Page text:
British judges, along with most Brits, still see Sweden as a model Social Democratic government. The mainstream British media has not paid much attention to the massive recent changes in Sweden.

The essential truths of this change have been catalogued in triology of novels, written by a Swedish journalist, which has hit the best seller list and the cinema screens.

The girl with the dragon tattoo is a fictional invention. But the political climate in which she operates is authentic.

But judges don’t read many novels and when they do, they see them as entertainment.

They do not share my view, based on long experience, that really good novels, often get closer to the truth than a lot of journalism.

Sweden, 2010, is only too ready to jump to the tune of American consumer capitalism. And Cameron’s coalition government is another eager ally.

By contrast, true lovers of the American Dream, are only too aware that capitalism’s excesses need to be checked. The role of the press in so doing is enshrined in the American constitution. To which all Presidents adhere.

Most of the time.

Currently, the Obama administration has forgotten this.

Today, they welcomed the imprisonment of Assange. For weeks now, they have been trying to crush Wikileaks, bullying companies like Amazon to ban it.

Sadly, they may succeed.

But they have totally failed to suppress the leaks.

Thanks most importantly because the most important of the millions of words in the leaked documents have been printed in a few of the world’s best newspapers, such as the New York Times, El Pais in Spain and The Guardian in Britain.

They were chosen by Assange.

And if ever he is brought to court for putting lives at risk, which is the US allegation, his choice of partners is a good defence. He chose, not the Daily Mail or The Sun, who might have been happy to pay him handsomely for the sensational tit bits, but The Guardian.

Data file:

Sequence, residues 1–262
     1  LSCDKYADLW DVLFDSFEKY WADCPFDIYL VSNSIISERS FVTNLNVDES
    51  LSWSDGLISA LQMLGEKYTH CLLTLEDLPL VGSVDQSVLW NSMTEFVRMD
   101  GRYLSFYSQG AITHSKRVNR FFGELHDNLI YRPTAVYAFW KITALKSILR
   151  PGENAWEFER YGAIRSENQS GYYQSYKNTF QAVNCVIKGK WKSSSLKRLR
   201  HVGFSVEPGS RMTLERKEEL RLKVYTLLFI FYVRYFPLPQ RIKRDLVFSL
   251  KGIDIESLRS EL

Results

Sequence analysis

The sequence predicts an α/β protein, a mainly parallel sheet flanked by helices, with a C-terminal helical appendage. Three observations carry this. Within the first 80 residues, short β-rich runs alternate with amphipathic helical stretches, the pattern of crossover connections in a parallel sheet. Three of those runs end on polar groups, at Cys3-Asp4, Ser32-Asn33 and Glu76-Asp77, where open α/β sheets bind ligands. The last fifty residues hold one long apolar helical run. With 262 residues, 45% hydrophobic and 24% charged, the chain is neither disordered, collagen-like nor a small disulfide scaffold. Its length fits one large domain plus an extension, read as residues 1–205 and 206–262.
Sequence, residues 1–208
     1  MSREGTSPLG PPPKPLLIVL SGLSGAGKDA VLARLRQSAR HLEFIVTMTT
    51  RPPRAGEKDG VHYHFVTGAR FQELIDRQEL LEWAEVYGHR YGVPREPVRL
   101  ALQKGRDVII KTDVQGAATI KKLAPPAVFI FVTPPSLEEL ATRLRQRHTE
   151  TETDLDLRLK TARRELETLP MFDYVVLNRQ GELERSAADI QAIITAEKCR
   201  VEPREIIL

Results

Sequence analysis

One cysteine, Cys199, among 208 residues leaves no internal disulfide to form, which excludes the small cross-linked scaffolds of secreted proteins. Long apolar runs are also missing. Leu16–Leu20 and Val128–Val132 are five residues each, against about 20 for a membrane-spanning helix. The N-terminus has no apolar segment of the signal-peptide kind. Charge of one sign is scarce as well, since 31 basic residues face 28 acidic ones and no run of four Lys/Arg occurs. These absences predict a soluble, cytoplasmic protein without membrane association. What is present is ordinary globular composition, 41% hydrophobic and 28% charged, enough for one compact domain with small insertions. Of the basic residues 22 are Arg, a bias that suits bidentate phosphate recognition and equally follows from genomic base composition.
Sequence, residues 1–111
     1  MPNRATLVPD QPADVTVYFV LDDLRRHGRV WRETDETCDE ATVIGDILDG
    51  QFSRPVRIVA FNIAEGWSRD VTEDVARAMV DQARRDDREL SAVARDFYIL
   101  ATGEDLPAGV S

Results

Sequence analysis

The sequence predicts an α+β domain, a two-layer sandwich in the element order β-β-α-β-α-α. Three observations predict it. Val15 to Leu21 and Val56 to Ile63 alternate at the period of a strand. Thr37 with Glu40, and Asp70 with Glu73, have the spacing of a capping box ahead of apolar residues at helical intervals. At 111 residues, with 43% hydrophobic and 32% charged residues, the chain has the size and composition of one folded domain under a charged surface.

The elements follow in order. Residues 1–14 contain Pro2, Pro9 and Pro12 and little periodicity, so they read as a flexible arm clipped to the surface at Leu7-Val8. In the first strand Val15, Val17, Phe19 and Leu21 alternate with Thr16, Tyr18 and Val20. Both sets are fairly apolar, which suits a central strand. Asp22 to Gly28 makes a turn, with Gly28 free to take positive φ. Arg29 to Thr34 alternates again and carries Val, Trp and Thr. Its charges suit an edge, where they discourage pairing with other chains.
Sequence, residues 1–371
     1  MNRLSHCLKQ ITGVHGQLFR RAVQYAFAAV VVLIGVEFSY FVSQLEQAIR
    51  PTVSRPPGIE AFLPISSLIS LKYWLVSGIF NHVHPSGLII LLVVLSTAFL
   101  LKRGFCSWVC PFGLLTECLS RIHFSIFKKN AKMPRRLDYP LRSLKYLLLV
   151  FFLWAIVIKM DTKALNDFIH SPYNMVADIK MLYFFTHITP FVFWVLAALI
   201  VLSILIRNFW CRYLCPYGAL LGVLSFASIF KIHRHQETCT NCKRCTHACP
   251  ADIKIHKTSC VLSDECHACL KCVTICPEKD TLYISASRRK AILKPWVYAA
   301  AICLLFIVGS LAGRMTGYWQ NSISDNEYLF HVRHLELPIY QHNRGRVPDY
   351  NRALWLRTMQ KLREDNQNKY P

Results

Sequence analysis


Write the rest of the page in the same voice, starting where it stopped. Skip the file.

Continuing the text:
Which, of course, is also in the entertainment business. But which still has scruples and a regard for responsible journalism.

Most of the time.

The Sun also sets

Thursday, December 2nd, 2010

Rupert Murdoch’s internet strategy has failed in a catastrophic way. And none of the world’s mainstream media has noticed.

The evidence is not in the online circulation of The Times, which has plunged since Murdoch decided to charge viewers who wished to view it online. This has been covered exhaustively.

The evidence is from The Sun, the paper which made his fortune, and made him a major player in the world’s media.

Murdoch bought The Sun way back in the 1960′s from the Daily Mirror group. The paper he bought was originally Britain’s only large circulation left wing daily newspaper, originally half owned by the trade union movement. The Daily Mirror’s Hugh Cudlipp had relaunched it in the 1960′s under the title of The Sun. It continued to lose money so Cudlipp sold it to Murdoch for a song.

Murdoch transformed it, from a serious newspaper, to a tabloid, whose main feature was the half-naked woman on Page Three. It made his fortune, brought a circulation bigger than the Daily Mirror. Gave him the money to buy The Times and the political clout to demand tea and sympathy at 10 Downing Street.

Fast forward to 2010, when The Sun is still selling a few million at the newstands, but which has been outstripped online by the Daily Mail. Which does not go in for soft porn, a la Page Three. But which knocks the current Sun into a cocked hat by its coverage of the lives of the starlets.